Palm Sunday. The
Passion of the Christ and the events leading up to it always move me to
tears. The Last Supper is
bittersweet. Jesus knows it is
the last meal He will share with His beloved disciples before the last of
the Scriptures are fulfilled. He
offers them His body and blood, which will sustain them when He is gone...
Then He retreats, alone, to the Garden of Gethsemane.
knelt down and began to pray, saying, 'Father, if You are willing,
remove this cup from Me; yet not My will, but Yours be done.'
Now an angel from heaven appeared to Him, strengthening Him. And
being in agony He was praying very fervently; and His sweat became like
drops of blood, falling down upon the ground." (Luke 22:41-44)
this Most Holy Week, we are called to reflect upon our lives, to repent of
our sins, and to draw closer to God through His Son, Jesus.
Jesus is divine, yet He knows what it was to be fully human.
He is calling us to follow His example and to follow the two
greatest commandments: to love God and to love one another (Matthew
22:36-40). He suffered greatly
throughout the agonizing hours of His Passion.
I don't know which was worse for Him - the excruciating pain
and torture, or the devastating grief he felt when He was abandoned by His
Francis gave us much to reflect on in his Palm Sunday homily in 2014:
week begins with the festive procession with olive branches: the
entire populace welcomes Jesus. The children and young people
sing, praising Jesus.
this week continues in the mystery of Jesus'
death and his resurrection. We have just listened to the
Passion of our Lord. We might well ask ourselves just one
question: Who am I? Who am I, before my Lord? Who am I,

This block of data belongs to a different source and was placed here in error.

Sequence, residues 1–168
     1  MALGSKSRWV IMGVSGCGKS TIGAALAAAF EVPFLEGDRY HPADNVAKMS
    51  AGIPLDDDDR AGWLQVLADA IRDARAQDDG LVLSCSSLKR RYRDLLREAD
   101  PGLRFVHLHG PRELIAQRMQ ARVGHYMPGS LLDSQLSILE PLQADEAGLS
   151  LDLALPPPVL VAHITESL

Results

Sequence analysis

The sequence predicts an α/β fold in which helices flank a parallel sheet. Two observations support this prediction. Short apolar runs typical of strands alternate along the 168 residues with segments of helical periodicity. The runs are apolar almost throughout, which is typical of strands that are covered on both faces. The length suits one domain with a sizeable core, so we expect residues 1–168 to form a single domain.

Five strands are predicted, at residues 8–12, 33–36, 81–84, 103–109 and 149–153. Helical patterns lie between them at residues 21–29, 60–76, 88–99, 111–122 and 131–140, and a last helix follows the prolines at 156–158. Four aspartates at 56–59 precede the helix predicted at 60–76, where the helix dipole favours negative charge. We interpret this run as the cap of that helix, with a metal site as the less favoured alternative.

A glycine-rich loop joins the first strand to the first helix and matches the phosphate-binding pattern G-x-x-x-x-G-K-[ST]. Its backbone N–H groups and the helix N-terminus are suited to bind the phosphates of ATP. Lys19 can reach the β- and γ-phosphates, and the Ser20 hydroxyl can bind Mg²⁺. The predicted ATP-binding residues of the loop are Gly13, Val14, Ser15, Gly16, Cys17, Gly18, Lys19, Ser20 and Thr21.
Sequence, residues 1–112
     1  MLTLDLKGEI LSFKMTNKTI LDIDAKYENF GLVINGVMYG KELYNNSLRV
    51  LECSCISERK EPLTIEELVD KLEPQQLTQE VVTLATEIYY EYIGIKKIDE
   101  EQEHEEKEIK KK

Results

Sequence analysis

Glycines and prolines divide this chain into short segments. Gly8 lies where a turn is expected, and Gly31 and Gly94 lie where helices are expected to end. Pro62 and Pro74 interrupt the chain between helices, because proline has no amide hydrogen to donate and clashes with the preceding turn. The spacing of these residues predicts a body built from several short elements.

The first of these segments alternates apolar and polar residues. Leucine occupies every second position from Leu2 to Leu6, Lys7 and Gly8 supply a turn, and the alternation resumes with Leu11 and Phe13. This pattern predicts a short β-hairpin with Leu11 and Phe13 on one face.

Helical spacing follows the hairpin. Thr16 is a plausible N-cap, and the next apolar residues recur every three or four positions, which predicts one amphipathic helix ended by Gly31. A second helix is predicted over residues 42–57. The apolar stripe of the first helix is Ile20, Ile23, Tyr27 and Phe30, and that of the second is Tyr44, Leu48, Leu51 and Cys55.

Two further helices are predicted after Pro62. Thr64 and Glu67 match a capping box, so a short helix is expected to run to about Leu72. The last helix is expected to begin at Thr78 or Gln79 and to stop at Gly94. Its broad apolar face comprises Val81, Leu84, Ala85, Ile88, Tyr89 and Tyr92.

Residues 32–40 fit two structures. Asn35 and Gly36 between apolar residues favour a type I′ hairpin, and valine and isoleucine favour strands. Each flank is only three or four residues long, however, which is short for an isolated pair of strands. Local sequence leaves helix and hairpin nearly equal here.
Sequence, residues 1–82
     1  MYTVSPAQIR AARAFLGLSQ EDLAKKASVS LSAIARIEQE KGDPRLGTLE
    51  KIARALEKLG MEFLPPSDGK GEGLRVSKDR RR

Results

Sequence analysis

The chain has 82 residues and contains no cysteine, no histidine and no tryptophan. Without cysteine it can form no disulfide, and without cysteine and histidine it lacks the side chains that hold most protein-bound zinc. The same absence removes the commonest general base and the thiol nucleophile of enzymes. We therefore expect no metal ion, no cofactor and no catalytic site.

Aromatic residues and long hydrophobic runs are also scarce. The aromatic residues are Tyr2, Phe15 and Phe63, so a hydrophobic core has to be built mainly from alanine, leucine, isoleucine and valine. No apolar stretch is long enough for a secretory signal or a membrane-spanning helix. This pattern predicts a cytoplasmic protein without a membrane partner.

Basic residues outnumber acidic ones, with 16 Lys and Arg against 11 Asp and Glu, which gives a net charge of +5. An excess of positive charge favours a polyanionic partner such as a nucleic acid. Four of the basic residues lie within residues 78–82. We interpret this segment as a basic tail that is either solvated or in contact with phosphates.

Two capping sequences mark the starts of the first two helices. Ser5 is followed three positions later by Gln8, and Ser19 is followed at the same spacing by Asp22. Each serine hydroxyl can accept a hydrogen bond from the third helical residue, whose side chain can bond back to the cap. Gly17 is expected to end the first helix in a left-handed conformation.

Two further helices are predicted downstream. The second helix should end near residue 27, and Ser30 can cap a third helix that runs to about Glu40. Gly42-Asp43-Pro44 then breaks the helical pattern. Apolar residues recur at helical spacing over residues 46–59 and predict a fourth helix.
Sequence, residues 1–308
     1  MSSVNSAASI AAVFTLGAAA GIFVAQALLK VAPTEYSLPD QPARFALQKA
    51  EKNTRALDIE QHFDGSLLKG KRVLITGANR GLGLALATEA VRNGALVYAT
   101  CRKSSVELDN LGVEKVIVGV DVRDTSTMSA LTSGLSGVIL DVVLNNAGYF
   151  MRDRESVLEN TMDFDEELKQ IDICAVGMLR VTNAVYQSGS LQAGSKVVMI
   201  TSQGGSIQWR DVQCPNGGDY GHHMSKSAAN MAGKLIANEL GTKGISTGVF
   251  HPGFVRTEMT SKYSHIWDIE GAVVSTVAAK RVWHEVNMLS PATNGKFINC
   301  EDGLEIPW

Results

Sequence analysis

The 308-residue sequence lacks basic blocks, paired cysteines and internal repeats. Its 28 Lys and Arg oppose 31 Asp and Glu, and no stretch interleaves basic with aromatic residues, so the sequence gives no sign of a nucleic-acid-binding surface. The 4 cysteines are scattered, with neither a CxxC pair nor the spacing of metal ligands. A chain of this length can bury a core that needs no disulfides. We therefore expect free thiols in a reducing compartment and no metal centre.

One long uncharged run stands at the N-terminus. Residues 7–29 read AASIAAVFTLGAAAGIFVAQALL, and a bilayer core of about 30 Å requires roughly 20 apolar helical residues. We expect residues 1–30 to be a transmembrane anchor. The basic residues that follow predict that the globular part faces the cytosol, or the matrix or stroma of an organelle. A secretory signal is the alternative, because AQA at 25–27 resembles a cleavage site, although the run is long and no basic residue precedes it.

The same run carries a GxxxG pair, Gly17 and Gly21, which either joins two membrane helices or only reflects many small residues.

before Jesus who enters Jerusalem amid the enthusiasm of
the crowd? Am I ready to express my joy, to praise him? Or
do I stand back? Who am I, before the suffering Jesus?
We have just heard many, many names. The group of leaders, some
priests, the Pharisees, the teachers of the law, who had decided
to kill Jesus. They were waiting for the chance to arrest him. Am
I like one of them?
We have also heard another name: Judas. Thirty pieces of
silver. Am I like Judas? We
have heard other names too: the disciples who understand nothing,
who fell asleep while the Lord was suffering. Has my life fallen
asleep? Or am I like the disciples, who did not realize what it
was to betray Jesus? Or like that other disciple, who wanted to
settle everything with a sword?
I like them? Am I like Judas, who feigns love and then kisses the
Master in order to hand him over, to betray him? Am I a traitor?
Am I like those people in power who hastily summon a tribunal and
seek false witnesses: am I like them? And when I do these things,
if I do them, do I think that in this way I am saving the people?
I like Pilate? When I see that the situation is difficult, do I
wash my hands and dodge my responsibility, allowing people to be
or condemning them myself?
I like that crowd which was not sure whether they were at a
religious meeting, a trial or a circus, and then chose Barabbas?
For them it was all the same: it was more entertaining to
I like the soldiers who strike the Lord, spit on him, insult him,
who find entertainment in humiliating him?
I like the Cyrenean, who was returning from work, weary, yet was
good enough to help the Lord carry his cross?
I like those who walked by the cross and mocked Jesus:
so courageous! Let him come down from the cross and then we will
believe in him!" Mocking
I like those fearless women, and like the mother of Jesus, who
were there, and who suffered in silence?
I like Joseph, the hidden disciple, who lovingly carries the body
of Jesus to give it burial?
I like the two Marys, who remained at the Tomb, weeping and
I like those leaders who went the next day to Pilate and said, "Look, this man said that he was going to rise again. We
cannot let another fraud take place!", and who block life, who
block the tomb, in order to maintain doctrine, lest life come
is my heart? Which of these persons am I like? May this question
remain with us throughout the entire week.
Pope Francis' Homily, Sunday, April 13, 2014, St. Peter's Square, Rome
the article Crown of Thorns